Economic stress trickles down to incoming freshman

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It seems that not even incoming freshman are immune from economic gloom.  According to a recent major survey, our newest college students are entering higher learning with historically low levels of optimism about the job market and historically high levels of stress.  The recently released 2010 CIRP Freshman Survey (The American Freshman: National Norms 2010) is closely watched because it polls over 200,000 incoming freshman, and has been collecting data about their wellbeing for 25 years.

To contextualize these findings within the Penn community, I spoke to Dr. William Alexander, who directs the CAPS student counseling program at Penn.  (CAPS didn’t participate directly in the survey, but Dr. Alexander offered to compare his own experience with the survey data).

Two trends stood out in this year’s results.  First, the disparity in reported mental wellbeing between men and women has widened.  Following a longstanding trend, the research found that “women were far less likely to report high levels of emotional health.”  Dr. Alexander confirmed that at Penn there’s a similar split in those that seek counseling, with CAPS seeing about 60% women and 40% men.  But the national survey found that the gap between men and women is only widening—in some categories, very rapidly.  Compared to the men, more than twice as many women reported feeling frequently “overwhelmed by all I have to do.”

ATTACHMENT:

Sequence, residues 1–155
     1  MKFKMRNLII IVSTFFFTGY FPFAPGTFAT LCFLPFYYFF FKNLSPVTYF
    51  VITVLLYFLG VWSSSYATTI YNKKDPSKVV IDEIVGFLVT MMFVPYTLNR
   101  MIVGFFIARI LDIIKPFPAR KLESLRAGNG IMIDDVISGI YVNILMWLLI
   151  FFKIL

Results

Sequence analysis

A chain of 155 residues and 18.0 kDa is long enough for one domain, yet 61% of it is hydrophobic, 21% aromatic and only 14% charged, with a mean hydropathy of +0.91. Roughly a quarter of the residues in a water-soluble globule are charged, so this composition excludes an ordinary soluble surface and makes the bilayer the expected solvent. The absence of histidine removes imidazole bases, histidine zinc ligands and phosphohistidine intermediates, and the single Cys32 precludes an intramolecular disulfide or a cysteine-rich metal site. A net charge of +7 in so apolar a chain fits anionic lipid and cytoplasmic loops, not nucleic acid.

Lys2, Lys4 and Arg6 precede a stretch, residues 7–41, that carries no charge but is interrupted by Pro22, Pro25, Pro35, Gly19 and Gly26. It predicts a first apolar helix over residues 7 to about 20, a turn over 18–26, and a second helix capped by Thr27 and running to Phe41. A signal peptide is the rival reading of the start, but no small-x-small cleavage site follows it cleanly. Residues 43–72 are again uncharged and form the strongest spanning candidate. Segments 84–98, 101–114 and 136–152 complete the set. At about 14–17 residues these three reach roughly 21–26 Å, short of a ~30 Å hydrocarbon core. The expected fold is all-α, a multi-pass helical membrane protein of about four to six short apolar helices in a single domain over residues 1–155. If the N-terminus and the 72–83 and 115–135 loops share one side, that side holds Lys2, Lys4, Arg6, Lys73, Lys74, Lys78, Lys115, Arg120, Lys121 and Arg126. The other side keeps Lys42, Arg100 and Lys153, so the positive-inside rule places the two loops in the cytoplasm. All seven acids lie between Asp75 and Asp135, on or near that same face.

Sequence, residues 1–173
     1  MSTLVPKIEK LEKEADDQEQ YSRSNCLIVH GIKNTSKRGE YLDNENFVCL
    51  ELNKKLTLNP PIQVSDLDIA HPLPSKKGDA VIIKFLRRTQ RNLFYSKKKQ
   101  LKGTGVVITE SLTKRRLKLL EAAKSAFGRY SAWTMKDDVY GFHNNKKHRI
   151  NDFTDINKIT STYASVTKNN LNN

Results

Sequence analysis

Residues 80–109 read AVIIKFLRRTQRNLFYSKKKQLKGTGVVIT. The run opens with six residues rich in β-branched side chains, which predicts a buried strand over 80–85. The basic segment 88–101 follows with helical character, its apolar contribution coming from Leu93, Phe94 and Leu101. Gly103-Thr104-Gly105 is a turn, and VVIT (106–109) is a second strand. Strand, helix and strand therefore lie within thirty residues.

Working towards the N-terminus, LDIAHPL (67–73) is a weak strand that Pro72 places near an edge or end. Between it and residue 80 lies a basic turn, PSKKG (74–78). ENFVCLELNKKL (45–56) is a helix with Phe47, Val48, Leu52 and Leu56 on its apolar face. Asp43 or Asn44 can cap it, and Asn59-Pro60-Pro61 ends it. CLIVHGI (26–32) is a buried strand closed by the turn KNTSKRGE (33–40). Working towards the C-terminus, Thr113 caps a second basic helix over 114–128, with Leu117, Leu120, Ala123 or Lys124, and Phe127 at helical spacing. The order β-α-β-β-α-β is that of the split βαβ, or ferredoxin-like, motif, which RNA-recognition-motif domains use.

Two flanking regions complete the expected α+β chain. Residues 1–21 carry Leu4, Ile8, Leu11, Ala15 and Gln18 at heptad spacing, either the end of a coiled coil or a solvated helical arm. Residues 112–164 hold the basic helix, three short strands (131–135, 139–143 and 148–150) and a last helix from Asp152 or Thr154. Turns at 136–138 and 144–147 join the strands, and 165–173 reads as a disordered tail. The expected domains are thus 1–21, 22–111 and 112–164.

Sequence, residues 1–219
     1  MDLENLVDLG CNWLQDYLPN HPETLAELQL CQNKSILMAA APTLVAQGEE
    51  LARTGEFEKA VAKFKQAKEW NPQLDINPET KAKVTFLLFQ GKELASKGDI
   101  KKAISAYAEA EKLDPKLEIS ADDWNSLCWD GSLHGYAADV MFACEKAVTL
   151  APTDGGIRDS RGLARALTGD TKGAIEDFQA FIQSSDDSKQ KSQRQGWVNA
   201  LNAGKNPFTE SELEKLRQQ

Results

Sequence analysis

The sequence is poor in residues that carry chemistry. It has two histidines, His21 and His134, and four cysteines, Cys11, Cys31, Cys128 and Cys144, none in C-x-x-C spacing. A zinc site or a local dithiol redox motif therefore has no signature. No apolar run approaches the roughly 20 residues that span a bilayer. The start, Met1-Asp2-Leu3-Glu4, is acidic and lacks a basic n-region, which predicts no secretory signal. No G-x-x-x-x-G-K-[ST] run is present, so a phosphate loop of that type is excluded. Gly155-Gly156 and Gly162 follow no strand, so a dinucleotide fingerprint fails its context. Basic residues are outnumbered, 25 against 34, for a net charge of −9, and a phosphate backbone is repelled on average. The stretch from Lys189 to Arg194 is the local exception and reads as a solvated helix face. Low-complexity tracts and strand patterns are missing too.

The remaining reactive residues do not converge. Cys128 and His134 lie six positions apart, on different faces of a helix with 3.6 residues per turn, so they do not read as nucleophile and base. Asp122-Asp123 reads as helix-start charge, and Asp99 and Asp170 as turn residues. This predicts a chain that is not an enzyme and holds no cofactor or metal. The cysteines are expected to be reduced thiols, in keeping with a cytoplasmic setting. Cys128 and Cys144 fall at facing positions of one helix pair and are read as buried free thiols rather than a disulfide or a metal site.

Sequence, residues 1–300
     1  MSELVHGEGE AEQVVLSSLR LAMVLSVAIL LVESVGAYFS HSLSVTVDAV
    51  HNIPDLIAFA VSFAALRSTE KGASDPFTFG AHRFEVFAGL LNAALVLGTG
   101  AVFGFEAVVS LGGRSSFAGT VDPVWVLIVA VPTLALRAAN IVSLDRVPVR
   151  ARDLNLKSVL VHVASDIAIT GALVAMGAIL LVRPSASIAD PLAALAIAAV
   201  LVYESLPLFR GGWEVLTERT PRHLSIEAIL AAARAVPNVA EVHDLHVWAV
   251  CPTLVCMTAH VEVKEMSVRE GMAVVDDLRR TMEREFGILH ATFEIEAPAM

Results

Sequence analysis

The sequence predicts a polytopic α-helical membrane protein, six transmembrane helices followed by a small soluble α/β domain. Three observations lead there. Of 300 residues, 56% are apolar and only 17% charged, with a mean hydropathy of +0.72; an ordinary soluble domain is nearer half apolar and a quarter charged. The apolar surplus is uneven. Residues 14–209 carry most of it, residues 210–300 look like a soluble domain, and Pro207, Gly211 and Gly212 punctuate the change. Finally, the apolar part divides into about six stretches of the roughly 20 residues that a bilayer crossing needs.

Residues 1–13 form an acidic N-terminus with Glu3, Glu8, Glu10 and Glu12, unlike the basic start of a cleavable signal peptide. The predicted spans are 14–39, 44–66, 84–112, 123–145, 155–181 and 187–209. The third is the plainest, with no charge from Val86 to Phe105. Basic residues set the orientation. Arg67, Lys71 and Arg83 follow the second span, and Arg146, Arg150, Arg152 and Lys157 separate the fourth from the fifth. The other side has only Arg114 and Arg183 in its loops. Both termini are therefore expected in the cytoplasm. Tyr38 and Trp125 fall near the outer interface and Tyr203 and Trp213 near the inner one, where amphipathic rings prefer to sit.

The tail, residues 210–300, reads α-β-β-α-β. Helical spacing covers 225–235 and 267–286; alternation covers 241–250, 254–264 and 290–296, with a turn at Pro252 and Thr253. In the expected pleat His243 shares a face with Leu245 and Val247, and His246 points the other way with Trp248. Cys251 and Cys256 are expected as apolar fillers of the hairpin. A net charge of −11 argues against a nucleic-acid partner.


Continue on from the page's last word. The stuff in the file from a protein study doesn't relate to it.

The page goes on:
Second, the researchers found that the recent recession and continuing high unemployment seem to be casting a pall even over these young students.  A record number report having one or both parents unemployed, and two-thirds of all incoming freshman agreed that “the current economic situation significantly affected my college choice.”

The state of the job market (and perhaps watching their parents search for work) seems to have left many with little optimism about their post-graduation prospects.  And the challenge is only intensified for Penn students looking for an edge in such a competitive, pre-professional atmosphere.  Dr. Alexander says that students here have much more immediate job concerns.  “It’s not just employment after graduation,” he says.  “They’re worried about finding summer internships, which have certainly become much more competitive” in the past five years.

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